A Town Born of Determination and Visions Of Things That Could Be
Merrill, Oregon is at the northwest corner of the Tule Lake Basin and a mile north of
the California border. Oregon Route 39, and the fabled Lost River, run through it.
Like all of the Tule Lake Basin communities, and most of rural America, Merrill
has a rich agricultural history. Merrill is the oldest city in the Tule Lake Basin.
Merrill seen from the top of a hill to the west
In the foreground, where the cows are grazing, is land that benefited from one of
the first irrigation projects in the basin. The Van Brimmer brothers began digging
a canal in 1882 from the Lower Klamath Basin, behind the camera-person, to the
Tule Lake Basin. In 1886 their irrigation project began supplying 4,000 acres with water.
They recouped construction and expenses by charging grateful users $1 per acre
on the west and south side of the Lost River.
An Indian Village was on the Lost River just south of Present Day Merrill
The famous Modoc Indian leader Captain Jack returned in 1865, after a years’
forced absence by a federal agreement struck with four Indian Tribes, to his family
village site on Lost River. In 1869 life would change for the Indians and
settlers in Tule Lake Basin. There were war clouds on the horizon.
Van Brimmer Brother’s Cattle Operations led to Tule Lake Basin Development
J. Frank Adams started ranching on Tule Lake Basin land northeast of Lost River
in 1878. He supported the Van Brimmers with their irrigation canal project and
started to build another six-mile canal system that tied into the Van Brimmers’
canal and provided water for the east side of Lost River.
To the south was the shores of Tule lake. Over the years Adams would
expand his canal system to cover most of the land north of Tule Lake and east of
the Lost River. Irrigated agriculture in the Tule Lake Basin was proven feasible.
Fall is a lovely time with trees changing color and Lost River turning a bend
Namesake rancher Nathan S. Merrill bought 152 acres for $3,000 from J. Frank Adams
in 1891. Adams had bought the land from the Van Brimmers two years earlier.
Nathan and Nancy Merrill “dedicated the streets and avenues of Merrill for use of
the public forever,” as recorded at the Klamath County Court House on May 28,
1894. The original townsite was 80 acres. Antone Castel, hired by the Merrills,
created plans for a town with two business thoroughfares, residential streets
along with school and park sites. Merrill financed Thomas Martin to build a
flour mill which opened for business was established in August, 1984. A post
office was established in 1896. Merrill was incorporated into Klamath County in 1903.
A successful water well was drilled in 1905. Merrill was on the map.
The population of Merrill was 844 people in 2010
By 1909 Merrill was second only to Klamath Falls in population with 300 people. Wheat had
been the principal crop in the Tule Lake Basin and Merrill was now known as “Flour City.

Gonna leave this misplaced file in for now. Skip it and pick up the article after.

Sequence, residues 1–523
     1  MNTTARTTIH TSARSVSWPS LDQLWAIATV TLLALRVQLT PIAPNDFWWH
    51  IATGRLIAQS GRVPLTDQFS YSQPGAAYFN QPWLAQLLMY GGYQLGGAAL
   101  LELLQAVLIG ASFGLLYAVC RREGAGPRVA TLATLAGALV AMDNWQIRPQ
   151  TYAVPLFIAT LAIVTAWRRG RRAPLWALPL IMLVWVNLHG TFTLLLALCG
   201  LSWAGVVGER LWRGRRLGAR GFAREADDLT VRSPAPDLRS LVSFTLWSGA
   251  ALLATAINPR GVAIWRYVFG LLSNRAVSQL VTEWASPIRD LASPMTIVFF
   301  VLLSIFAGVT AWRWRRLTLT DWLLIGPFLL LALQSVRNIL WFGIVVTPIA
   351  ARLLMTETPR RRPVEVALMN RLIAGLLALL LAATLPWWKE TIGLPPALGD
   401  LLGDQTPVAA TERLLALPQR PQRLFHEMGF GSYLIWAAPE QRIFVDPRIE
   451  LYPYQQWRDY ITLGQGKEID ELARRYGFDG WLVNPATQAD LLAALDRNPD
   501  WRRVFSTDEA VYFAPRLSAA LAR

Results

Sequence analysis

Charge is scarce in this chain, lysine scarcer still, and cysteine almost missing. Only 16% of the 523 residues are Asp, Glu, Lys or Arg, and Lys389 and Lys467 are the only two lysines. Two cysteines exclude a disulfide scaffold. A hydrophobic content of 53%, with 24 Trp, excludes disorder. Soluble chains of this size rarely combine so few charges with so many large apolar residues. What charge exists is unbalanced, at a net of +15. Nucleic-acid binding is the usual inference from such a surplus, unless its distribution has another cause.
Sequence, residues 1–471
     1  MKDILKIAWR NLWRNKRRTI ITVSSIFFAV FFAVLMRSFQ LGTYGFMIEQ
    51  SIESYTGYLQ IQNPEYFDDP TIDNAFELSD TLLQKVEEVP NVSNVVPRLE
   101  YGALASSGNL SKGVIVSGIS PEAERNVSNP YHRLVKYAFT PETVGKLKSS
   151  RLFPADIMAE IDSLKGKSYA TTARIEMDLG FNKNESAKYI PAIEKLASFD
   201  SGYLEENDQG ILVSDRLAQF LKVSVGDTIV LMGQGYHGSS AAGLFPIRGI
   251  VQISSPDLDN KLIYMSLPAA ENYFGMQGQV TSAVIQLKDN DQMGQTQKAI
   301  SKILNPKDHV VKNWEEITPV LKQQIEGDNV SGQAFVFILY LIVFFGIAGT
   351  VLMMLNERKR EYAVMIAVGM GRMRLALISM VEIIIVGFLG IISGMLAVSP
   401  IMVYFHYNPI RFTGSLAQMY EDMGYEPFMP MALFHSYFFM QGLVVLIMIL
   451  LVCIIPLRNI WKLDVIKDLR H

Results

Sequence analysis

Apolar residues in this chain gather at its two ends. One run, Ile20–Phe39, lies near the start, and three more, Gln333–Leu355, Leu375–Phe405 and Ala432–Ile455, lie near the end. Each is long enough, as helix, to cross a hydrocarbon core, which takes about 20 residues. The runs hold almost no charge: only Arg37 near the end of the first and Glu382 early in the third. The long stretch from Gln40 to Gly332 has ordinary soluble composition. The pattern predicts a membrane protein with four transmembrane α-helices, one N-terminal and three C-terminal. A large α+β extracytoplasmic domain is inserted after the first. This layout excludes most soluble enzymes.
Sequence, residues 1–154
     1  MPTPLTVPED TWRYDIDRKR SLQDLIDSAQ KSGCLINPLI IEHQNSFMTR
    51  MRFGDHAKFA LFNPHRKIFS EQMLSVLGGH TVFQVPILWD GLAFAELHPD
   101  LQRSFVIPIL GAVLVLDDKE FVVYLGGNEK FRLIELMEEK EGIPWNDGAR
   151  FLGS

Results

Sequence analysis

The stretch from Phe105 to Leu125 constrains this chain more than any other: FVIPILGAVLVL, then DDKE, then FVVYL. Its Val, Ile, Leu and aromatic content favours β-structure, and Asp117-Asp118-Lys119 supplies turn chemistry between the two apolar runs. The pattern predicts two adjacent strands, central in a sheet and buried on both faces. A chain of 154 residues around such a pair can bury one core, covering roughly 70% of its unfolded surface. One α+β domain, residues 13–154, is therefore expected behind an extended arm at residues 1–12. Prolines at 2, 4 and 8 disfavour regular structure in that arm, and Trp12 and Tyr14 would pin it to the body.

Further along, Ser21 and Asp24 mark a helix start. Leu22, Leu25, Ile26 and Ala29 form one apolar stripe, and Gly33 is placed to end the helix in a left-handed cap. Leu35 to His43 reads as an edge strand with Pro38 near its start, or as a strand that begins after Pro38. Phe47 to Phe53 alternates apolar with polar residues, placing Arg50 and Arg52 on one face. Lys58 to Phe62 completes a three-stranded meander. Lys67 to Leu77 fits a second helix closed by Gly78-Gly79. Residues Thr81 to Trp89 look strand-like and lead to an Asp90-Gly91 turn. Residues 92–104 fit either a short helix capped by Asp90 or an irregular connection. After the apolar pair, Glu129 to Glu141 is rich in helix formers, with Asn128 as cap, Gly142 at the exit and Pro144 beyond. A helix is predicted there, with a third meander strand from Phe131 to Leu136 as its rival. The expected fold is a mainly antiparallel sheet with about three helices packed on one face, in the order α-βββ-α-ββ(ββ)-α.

Besides the flour mill, Merrill had electricity, two hotels, school, bank, creamery, shingle mill,
three churches, the Merrill-Weekly Record and hopes of growing to 1,000 residents.
Stukel Mountain rises up to the north of Merrill
Today, Merrill is a small town with tree-lined streets. Many second and third generation
families live here. Some work in Klamath Falls and call Merrill home. It wasn’t always so
peaceful: fires in 1911, 1920 and 1921 did major damage to downtown’s business districts.
Each time Merrill rebuilt – it was the town that could. In 1912 cinders, brought from
the Lava Beds by boat, covered the dirt roads. Tule Lake’s federal reclamation project,
had begun and there was room for more settlers.
The Merrill Rotary Club has sponsored the Potato festival since 1947
As one drives through town it is hard to miss the 30′ by 50′ American flag next to the
water tower. Late in October the town’s biggest celebration is held, the annual Potato Festival
which started in 1934 to celebrate the end of the harvest and farming life in general.
A parade, dances, free BBQ, exhibits and a queen coronation make for a lively weekend.
Who doesn’t enjoy a parade?
If all is normal, the nights will be cool and crisp when the Potato festival gets
underway in middle October and farmers will be in their fields harvesting potatoes.
The farmers will make the time to visit the festival but the harvest beckons.
Meanwhile their families and communities will spend weeks making sure the festival
is representative of Tule Lake Basin and Klamath County agriculture. the two day
festival includes high school and pop warner football games, car shows, marching
bands, horseshoe tournament, dunk tank, talent show, exhibits, judging, vendors,
live entertainment and country family fun for all.
Potatoes, Potatoes, Make a Potato Festival Go Round and Round
2001 was a year from hell. The Klamath Reclamation Project’s irrigation water
was turned off by the Federal government. There was a drought and several species
were pitted against each other by-and-with Endangered Species Act’s struggle with
natural resource management. There was concern if it was right to even have a
Potato Festival in light of current events. A consensus determined there would
be a festival but it would be called the Farmer’s Festival. The Potato Festival
returned in 2002 at the same time the National Academy of Science determined that
the shutoff was unwarranted. Then was then, and now is time to enjoy the moment.
Who Says There is No Such Thing As A Free Lunch?
A large crowd lines up for a free barbecue after the parade is finished.
Donations help the Lions Club assist the community.
The greatest harvest farmland produces is its children
Lost River High School serves both Merrill and Malin, eight miles to the east. In 2004,
20 boys out of a graduating senior class of 56 played football and helped Lost River
win the 2004 State Class 2A championship. The team had a grade-point average of 3.34.
Also, a girl was accepted by Stanford University. Academics count in rural America.
Elementary kids turn out to celebrate their champions
In 1895 Merrill had its own 20′ by 40′ school house. The Merrill School District had 56
students in 1904, 13 of whom were on the honor roll. The brick elementary school, built in
1911 served grades 1 -12 for many years, burned down in 1949. Merrill elementary
students went to the high school until their school was rebuilt and opened in early 1951.
Much of life in Merrill is centered around the children.
Oregon Route 39 Transitions Into California Highway 139